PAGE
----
US President Barack Obama's visit to Israel in March "sends a powerful message to the Middle East at a time of great uncertainty and upheaval throughout the region," Israeli Ambassador Michael Oren said on Wednesday on MSNBC's The Daily Rundown.

The visit will be the first of its kind since Obama entered the White House in 2009.

On the issue of potential peace talks, Oren said the White House has already made it "very clear that the purpose of the trip is to strengthen an already historic bond between Israel and the United States." 



"We're delighted that he's coming," Oren added. "President Obama was always welcome in Israel. He'll be received enthusiastically by the government of Israel, by the prime minister of Israel, by the people of Israel."

White House press secretary Jay Carney said on Wednesday that Obama will not bring a new peace plan to Israel on his visit. Carney stated the trip is not connected to any "specific" Middle East peace proposals between Israel and the Palestinians, adding that resuming direct negotiations is not the purpose of the visit.

What Obama does hope to do is engage in "deep consultation with key partners," US Ambassador to Israel Dan Shapiro told Channel 10 on Wednesday.

Shapiro confirmed that peace talks would be on the agenda, alongside other "critical regional security issues," but emphasized that Obama is coming to Israel to meet the new Israeli government as a "consultation visit."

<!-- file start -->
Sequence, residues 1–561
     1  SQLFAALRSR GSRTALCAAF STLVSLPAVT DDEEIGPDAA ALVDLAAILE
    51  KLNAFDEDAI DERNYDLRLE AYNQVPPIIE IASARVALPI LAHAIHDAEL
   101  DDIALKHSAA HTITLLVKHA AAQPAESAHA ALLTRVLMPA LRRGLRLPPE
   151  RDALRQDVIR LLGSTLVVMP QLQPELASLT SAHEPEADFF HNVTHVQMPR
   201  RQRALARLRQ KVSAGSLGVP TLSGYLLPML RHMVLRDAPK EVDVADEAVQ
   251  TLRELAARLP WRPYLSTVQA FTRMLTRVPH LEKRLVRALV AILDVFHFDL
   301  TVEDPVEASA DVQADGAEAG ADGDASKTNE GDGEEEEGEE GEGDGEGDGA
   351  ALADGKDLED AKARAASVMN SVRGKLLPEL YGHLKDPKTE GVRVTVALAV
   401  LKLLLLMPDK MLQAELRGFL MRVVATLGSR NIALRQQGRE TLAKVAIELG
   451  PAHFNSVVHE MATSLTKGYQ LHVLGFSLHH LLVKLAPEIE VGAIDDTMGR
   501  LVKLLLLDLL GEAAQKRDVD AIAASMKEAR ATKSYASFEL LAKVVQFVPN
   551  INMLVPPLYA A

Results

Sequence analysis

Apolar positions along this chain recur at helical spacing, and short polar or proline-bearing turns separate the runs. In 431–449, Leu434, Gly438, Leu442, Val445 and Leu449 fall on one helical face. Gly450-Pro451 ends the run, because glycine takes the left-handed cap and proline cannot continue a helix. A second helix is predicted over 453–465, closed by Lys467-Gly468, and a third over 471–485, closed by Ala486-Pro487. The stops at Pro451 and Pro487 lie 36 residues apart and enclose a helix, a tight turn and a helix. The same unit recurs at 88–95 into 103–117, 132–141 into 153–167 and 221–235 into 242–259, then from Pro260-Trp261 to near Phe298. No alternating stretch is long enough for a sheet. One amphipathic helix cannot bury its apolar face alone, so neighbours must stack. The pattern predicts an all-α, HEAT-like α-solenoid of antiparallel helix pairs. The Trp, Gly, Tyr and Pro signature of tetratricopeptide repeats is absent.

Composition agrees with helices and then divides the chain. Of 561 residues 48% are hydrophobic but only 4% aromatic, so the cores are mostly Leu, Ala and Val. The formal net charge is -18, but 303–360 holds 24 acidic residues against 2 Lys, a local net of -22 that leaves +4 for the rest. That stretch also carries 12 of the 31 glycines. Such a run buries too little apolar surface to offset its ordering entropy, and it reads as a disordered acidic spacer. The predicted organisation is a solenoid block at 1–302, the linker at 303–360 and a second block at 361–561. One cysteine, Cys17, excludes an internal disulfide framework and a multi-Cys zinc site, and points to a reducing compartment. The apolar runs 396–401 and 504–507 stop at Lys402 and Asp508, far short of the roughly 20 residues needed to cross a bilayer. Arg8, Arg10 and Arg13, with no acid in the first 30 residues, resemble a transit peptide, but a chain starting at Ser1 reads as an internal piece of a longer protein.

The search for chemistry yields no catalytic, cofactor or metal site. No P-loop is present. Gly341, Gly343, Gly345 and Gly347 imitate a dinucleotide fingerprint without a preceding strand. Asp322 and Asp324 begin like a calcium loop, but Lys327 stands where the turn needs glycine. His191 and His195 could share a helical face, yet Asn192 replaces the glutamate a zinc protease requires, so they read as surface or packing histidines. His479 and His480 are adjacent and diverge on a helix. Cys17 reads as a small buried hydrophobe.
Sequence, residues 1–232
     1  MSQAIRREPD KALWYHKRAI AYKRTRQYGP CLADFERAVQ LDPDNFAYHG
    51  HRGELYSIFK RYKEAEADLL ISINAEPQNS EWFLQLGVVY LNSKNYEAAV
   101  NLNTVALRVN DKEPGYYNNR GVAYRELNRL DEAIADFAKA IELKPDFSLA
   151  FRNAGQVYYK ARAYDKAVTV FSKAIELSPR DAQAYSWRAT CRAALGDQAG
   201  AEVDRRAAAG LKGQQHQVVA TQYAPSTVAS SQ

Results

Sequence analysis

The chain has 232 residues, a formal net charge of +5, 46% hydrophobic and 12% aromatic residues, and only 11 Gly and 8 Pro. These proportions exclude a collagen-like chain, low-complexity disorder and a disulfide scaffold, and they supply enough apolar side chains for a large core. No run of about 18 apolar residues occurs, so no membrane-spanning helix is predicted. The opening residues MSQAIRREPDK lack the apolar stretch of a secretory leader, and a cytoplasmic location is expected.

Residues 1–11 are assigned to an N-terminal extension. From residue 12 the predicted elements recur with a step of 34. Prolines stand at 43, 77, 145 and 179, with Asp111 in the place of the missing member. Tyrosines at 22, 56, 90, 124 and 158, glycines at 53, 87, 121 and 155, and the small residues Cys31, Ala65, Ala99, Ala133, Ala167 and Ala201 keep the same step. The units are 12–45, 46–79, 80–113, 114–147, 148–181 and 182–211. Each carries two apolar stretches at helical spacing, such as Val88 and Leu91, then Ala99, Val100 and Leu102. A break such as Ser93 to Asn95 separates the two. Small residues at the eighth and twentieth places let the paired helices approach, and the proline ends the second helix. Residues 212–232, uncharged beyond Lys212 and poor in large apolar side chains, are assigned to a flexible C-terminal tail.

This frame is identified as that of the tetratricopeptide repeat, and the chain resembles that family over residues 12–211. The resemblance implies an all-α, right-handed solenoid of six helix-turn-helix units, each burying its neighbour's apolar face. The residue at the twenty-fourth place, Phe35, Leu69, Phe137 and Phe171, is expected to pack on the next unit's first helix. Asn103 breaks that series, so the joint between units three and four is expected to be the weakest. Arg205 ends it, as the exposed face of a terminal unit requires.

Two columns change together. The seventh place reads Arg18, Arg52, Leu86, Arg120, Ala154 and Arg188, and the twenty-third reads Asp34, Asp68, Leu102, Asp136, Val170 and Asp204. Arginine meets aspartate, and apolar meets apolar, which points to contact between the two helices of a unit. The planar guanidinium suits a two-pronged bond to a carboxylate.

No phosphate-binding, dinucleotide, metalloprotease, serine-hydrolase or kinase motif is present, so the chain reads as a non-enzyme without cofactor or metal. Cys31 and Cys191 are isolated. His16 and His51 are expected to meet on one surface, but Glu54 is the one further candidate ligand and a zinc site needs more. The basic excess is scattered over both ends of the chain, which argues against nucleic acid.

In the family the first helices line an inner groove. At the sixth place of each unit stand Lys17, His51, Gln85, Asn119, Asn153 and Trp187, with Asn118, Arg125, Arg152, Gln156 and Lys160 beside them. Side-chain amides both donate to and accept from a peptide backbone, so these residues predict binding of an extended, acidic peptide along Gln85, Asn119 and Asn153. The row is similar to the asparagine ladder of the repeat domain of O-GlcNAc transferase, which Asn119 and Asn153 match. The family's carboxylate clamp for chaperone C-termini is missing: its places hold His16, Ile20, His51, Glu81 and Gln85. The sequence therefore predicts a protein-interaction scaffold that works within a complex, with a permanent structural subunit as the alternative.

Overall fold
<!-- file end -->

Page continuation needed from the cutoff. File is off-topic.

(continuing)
"The visit will be a good opportunity to reaffirm the strong and enduring bonds of friendship between Israel and the US," Shapiro stated.

The US ambassador emphasized that the most pressing issues facing the two countries were the Iranian nuclear program and the need to deal with the potential transfer of chemical weapons in Syria.

Like Carney, Shapiro stopped short of labeling direct negotiations between the Palestinian Authority and Israel as the goal of the visit, emphasizing that "no doubt renewal of negotiations is still a goal, but it may not happen in the course of one visit."

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